Brand Me Different

The cult of individuality has always occupied prime real estate in the American psyche, but I suspect it has reached new heights today. Nonconformity -- or, more commonly, the superficial imitation of it -- has become almost a sacrament. I know I'm dating myself, but the proliferation of strange body piercings and tattoos are, to me, an expression of this intense desire for individuality, not evidence of the substance of it. Of course, people could say the same thing about the long hair and ripped jeans that I sported in my long-ago hippie days. Choosing to work for yourself is, presumably, a more substantial decision than deciding to get a tattoo or grow out your hair, but it's often similar in one respect: it may be driven by the desire for autonomy. I doubt if it's an accident that this period of intense desire for individuality coincides with a rapid growth in a number of phenomena: people altering their bodies in idiosyncratic ways, people listening to music because it hasn't been picked up by a major record label, and... people choosing to become career IPs.

Proud to be An Accident

To be honest, I realize that a substantial percentage of self-employed people -- probably most -- become self-employed not through any act of will but by accident. They don't quit their job; their job quits them, so to speak. They freelance for a while as a stopgap measure while looking for a job, or while planning to. For some, freelancing becomes a long-term proposition without their even realizing it. This is, perhaps, the most common way to become an IP. But doesn't this inconvenient fact destroy my argument, the connection between self-employment and creativity that I've been hinting at? Not at all.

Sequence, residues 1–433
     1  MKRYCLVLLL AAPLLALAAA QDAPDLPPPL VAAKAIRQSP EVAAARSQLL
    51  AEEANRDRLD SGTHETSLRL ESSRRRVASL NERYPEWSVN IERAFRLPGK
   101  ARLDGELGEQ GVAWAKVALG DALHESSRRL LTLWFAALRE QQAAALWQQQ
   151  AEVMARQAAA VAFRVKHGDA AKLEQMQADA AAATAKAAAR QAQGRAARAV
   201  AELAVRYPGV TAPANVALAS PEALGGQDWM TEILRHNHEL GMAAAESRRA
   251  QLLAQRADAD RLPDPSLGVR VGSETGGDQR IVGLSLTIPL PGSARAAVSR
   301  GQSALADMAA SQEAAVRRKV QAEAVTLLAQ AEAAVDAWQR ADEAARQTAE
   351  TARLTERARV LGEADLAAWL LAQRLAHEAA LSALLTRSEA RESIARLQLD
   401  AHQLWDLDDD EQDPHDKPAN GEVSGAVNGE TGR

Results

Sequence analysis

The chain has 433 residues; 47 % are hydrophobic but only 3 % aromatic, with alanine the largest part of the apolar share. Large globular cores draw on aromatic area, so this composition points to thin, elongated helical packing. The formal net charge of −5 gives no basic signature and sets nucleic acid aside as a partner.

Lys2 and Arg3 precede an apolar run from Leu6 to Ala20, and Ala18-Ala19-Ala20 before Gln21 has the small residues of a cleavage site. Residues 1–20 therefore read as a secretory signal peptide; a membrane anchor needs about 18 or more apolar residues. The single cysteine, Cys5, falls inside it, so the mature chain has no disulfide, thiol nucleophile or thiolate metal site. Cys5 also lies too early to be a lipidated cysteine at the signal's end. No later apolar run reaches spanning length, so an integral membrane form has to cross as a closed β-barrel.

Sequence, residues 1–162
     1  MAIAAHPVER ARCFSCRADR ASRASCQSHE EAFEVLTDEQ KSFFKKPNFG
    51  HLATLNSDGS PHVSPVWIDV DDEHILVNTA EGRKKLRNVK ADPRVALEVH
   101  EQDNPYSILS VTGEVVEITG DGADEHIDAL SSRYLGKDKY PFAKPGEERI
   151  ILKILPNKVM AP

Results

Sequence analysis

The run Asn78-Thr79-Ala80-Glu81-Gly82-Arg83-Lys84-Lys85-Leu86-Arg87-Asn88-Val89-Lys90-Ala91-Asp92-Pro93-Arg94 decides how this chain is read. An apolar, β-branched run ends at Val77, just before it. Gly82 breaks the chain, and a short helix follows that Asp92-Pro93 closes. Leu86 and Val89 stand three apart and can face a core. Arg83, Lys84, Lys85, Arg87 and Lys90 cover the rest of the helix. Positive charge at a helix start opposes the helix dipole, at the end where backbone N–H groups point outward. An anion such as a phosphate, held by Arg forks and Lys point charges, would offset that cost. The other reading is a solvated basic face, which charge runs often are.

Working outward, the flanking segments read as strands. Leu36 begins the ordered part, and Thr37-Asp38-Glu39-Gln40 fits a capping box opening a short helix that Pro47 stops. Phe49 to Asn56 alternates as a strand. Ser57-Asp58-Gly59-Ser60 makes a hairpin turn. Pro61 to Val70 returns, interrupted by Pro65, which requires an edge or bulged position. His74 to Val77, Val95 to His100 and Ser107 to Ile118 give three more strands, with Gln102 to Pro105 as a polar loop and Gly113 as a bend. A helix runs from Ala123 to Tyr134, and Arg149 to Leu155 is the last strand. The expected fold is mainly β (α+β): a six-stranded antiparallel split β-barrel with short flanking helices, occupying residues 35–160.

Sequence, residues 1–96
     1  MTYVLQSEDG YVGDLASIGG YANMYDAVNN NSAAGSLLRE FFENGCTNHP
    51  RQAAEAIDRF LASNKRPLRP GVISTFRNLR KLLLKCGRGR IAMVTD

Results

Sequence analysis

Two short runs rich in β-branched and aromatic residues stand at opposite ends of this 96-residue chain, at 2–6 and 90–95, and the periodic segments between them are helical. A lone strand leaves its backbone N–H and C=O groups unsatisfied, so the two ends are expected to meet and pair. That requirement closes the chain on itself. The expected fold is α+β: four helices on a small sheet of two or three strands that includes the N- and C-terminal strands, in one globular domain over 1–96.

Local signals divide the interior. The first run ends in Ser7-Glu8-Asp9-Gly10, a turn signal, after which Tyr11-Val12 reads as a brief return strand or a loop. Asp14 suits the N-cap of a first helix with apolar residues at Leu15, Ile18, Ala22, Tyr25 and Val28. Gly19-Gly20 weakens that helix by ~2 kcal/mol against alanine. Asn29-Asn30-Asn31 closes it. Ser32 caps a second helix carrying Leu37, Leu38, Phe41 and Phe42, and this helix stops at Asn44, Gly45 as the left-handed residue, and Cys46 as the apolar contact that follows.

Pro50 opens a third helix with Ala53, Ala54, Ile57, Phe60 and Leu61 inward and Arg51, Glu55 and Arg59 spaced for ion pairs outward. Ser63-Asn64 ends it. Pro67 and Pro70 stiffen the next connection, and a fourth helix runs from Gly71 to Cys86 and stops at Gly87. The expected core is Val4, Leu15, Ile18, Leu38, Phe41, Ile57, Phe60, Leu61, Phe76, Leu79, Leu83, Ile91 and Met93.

Let's face it: most people, freelancers or not, don't plan their lives. Your original intention may matter less than how you react to the environment you find yourself in. If somewhat non-conformist people are more likely to choose freelancing, it may also be true that people who accidentally fall into freelancing may find in it the opportunity to become less conformist -- and, perhaps, more creative.

We live in revolutionary times, and as parts of our society crumble, many IPs may do better than conventional employees. Of course there are self-reliant people who hold regular jobs; but many employees, while thinking they've been "playing it safe," haven't been learning how to adapt to new rules, make new rules, and build their own systems of survival.

It is almost as if you were frantically constructing another world while the world that you live in dissolves beneath your feet, and that your survival depends on completing this construction at least one second before the old habitation collapses.
-- Tennessee Williams

When I was a child, I saw through simple eyes: the junkyard where my father painted was boring, and his paintings were stupid. Now I understand that he was searching for beauty where most people never thought to look for it, just as he sought to make a living in ways most people never thought to try. His businesses mostly failed; I hope yours do not. But fail or succeed, planned IP or accidental one, you have an advantage over corporate drones: being self-employed makes it easier to discover your true originality. Sometimes it feels like you're stuck in a junkyard while everybody else is at the beach, but that's an opportunity: shift your view around, and you may see a landscape waiting to be painted.

San was the founding editor of 1099 Magazine, serving as its first editor-in-chief and creative director. He's now back in the boss-free world as a freelance writer and illustrator. In addition to the inSANity column on 1099, San's other writings and cartoons are at www.sanstudio.com.